- pollution preventing;
- designing environment and green accounting improvement;
- projection, costs, estimating life cycle in the environment;
- product circulation administration from environmental prospective;
- supply process from environmental perspective;
- the product or producer’s liability;
- environment-centered management systems;
- assessing, testing and reporting performances of environmental activities;
- reporting of these performances;
- information source for other routine managerial activities such as: product and process design, cost distribution and control, capital budgeting, supply process, price policies, performance evaluation.
The Disadvantages The implementation of green accounting doesn’t represent a guaranty for obtaining financial performance or environment-related performances.
The environmental analysis
|Environment analysis elements||Forms of impact on the environment - by means of:||Action taken as a result of the environment analysis|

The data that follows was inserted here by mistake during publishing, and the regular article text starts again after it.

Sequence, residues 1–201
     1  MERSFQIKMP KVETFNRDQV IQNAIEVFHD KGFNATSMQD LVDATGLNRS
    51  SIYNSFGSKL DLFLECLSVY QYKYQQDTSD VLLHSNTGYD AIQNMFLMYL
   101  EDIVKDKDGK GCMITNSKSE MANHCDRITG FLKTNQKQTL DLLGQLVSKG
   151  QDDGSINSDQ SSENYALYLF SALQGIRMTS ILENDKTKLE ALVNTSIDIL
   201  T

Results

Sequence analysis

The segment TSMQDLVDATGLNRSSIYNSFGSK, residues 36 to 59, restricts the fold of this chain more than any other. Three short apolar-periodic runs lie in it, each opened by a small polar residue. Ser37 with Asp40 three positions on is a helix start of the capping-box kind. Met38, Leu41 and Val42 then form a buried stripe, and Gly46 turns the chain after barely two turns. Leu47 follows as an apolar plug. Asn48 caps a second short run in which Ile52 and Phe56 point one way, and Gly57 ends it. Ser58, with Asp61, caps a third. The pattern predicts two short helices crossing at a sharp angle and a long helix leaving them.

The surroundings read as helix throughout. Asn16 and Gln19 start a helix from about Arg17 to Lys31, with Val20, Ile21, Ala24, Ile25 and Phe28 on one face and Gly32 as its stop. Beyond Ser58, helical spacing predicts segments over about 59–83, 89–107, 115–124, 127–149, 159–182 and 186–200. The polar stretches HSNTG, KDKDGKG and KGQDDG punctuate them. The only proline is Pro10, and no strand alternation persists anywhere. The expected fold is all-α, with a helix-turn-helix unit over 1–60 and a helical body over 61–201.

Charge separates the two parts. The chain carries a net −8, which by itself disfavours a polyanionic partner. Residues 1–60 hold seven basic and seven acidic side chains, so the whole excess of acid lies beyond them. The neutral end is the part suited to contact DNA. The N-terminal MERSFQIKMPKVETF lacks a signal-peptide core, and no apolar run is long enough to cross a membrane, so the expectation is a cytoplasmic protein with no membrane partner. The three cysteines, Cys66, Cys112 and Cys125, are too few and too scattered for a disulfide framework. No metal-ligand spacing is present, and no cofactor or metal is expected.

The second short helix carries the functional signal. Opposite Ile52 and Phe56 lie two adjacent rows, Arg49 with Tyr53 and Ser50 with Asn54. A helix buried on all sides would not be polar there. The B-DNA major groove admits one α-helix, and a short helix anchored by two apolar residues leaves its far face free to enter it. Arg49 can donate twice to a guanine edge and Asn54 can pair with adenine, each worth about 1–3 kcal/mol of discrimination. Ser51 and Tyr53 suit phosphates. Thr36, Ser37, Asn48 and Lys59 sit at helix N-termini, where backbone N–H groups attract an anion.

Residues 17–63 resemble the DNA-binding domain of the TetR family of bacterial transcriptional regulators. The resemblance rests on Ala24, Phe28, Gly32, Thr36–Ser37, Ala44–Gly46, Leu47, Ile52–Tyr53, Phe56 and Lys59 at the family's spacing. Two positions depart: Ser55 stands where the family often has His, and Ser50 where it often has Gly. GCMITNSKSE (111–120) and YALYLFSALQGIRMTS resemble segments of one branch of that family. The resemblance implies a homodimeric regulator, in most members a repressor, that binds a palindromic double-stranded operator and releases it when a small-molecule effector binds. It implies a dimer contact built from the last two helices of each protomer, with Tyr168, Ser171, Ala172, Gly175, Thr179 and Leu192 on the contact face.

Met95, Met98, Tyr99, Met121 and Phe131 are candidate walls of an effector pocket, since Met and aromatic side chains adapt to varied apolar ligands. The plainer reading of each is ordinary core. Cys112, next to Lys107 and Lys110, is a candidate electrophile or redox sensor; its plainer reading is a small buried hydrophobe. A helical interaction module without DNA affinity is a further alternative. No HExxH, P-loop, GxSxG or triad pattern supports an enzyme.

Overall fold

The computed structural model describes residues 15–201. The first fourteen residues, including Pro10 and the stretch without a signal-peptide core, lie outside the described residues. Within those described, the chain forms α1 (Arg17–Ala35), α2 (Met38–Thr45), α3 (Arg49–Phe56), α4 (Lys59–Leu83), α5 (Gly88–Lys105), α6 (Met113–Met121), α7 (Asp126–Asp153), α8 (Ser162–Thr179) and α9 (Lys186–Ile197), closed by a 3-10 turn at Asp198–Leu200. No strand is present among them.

- discharged rivers;
- used underground waters discharged by sewage;
- controlling impact on the environment;
- adapting to legal requirements, according to the legislation in the filed.
- quantity, product nature, its environmental sensitivity;
- created/natural/possible incidents and/or accidents;
- controlling the impact on the environment;
- current situation;
GDP is a poor welfare indicator
The Gross Domestic Product (GDP) is by far the most important economic indicator, not least because it is often considered to be measures of how well we are doing as a nation. While it does a pretty good job of estimating the size of our economy, it is inadequate as true welfare measures.
Time and again, GDP ignores our environment. Even worse, GDP often includes the environment on the wrong side of the balance sheet. If we first pollute and then pay to clean up the pollution, both activities add to GDP. Environmental degradation frequently looks good for the economy.
U.S. Green NNI